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Location in South Tarawa
Location in South Tarawa
Betio is located in Kiribati
Location in Kiribati
Coordinates: 01°21′00″N 172°56′00″E / 1.35000°N 172.93333°E / 1.35000; 172.93333Coordinates: 01°21′00″N 172°56′00″E / 1.35000°N 172.93333°E / 1.35000; 172.93333
Country Kiribati
Island groupGilbert Islands
 • Total1.54 km2 (0.59 sq mi)
 • Total17,356
 • Density11,000/km2 (29,000/sq mi)
Map of Betio from World War II.

Betio is the largest township of Kiribati's capital city, South Tarawa, and the country's main port. The settlement is located on a separate islet at the extreme southwest of the atoll.

Betio Post Office opened on 5 April 1957 and closed in 1964.[1] In 1967, the Marine Training Centre was created by Hamburg Süd. John Hilary Smith, governor of the Gilbert and Ellice Islands created the Betio Town Council in 1972. Since the 1970s, the islet has become a major centre of economic activity in Kiribati, and a causeway to Bairiki was constructed in the early 1980s, leading to an increase in human contact with the island. Due to changing currents resulting from the construction of the causeway, Bikeman Island, northeast of Betio, has been submerged since the early 1990s.

Japanese causeway between Betio and Bairiki

Pacific War[edit]

Armorers place a .50-caliber aircraft John Browning machine gun M2A1 in the nose of a 41st Bombardment Group North American B-25 Mitchell at the airfield on Hawkins Field as interested Gilbertese look on

The island was the scene of the Battle of Tarawa during World War II.[2] Relics of the Japanese invasion, and the subsequent American assault on the islet in 1943, remain there. After the battle the airstrip was renamed Hawkins Field. The airstrip no longer exists, but its effect can be seen in the stunted growth of palms along its length. Many bunkers remain, as well as the remains of military equipment.

It was also the scene of a massacre by beheading of New Zealand military and civilian coastwatchers by Japanese forces prior to the US landings.[3] The massacre was in retaliation to an American air raid.[4]

Before the massacre, seamen and civil servants who were housed on the island escaped in a small, open launch, towing a lifeboat[5] They sailed to Nonouti, in the Southern Gilberts, where they were met by the Degei, commanded by Captain G. J. (Jack) Webster in which they returned from Nonouti to Fiji. News of the massacre was covered up by British authorities at the time to the extent that New Zealand and Fijian governments were prevented from informing the families of the men killed of their deaths. However, persistent rumours eventually reached the families, and it is believed that the shooting of Japanese prisoners held in a New Zealand POW camp was done in retaliation for this massacre. The New Zealand camp guard who fired on the Japanese prisoners during the prison riot was the brother of one of the coastwatchers executed on Betio.[2][6]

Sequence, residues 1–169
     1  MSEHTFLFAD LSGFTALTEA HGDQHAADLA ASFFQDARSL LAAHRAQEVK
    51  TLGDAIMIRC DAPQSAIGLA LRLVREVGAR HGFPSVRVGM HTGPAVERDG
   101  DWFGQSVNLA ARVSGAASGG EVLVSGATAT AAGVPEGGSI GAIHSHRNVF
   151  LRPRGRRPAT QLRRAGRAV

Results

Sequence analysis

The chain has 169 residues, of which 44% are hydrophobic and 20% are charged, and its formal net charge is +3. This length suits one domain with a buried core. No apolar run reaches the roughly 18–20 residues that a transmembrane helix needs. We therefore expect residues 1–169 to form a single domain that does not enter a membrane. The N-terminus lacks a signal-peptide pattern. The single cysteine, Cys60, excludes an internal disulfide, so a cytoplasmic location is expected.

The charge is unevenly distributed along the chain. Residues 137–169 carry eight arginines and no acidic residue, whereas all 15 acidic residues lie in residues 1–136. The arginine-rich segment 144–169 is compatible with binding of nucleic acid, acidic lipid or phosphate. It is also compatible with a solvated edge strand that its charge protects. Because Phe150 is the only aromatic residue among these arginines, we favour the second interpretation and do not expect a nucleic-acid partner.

The partly submerged hulk of the Saidu Maru, a Japanese merchant ship often mistaken for the Nimanoa, would later be used as a machine gun post by the Japanese against the US forces that re-took Tarawa. The RCS Nimanoa was a wooden-hulled ketch, whereas Saidu Maru was a steel-hulled vessel, part of which is still visible on the reef off Red Beach.[5]

Unexploded artillery shells, mortar rounds, anti-aircraft shells and live machine gun bullets left over from the Second World War are littered throughout the island and surrounding reef, as well as the remains of several hundred U.S. and Japanese soldiers. The remains of 30 U.S. soldiers and Marines were discovered in March 2019.[7]

Guns left over from World War II


  1. ^ Premier Postal History. "Post Office List". Premier Postal Auctions. Retrieved 5 July 2013.
  2. ^ a b "Betio (Tarawa)". Pacific Wrecks.
  3. ^ Source: Australian National Archives; Report on Japanese atrocities at Tarawa, Gilbert and Ellice Islands (execution of European prisoners at Betio, Tarawa on or about 15 October 1942), compiled by Major DCI Wernham, District Officer, Gilbert Islands, supplied to Australian government by High Commissioner for the Western Pacific, February 1944.
  4. ^ Resture, Jane. "War in the Pacific"
  5. ^ a b "Scuttled Ship "Niminoa"". Tarawa on the Web: The Assault of the Second Marine Division on Betio Island, Tarawa Atoll, 20–23 November 1943.
  6. ^ Source: NZ National Archives
  7. ^ McAvoy, Audrey. "Graves of World War II Marines, sailors likely found on remote Pacific island of Tarawa". Retrieved 29 June 2019.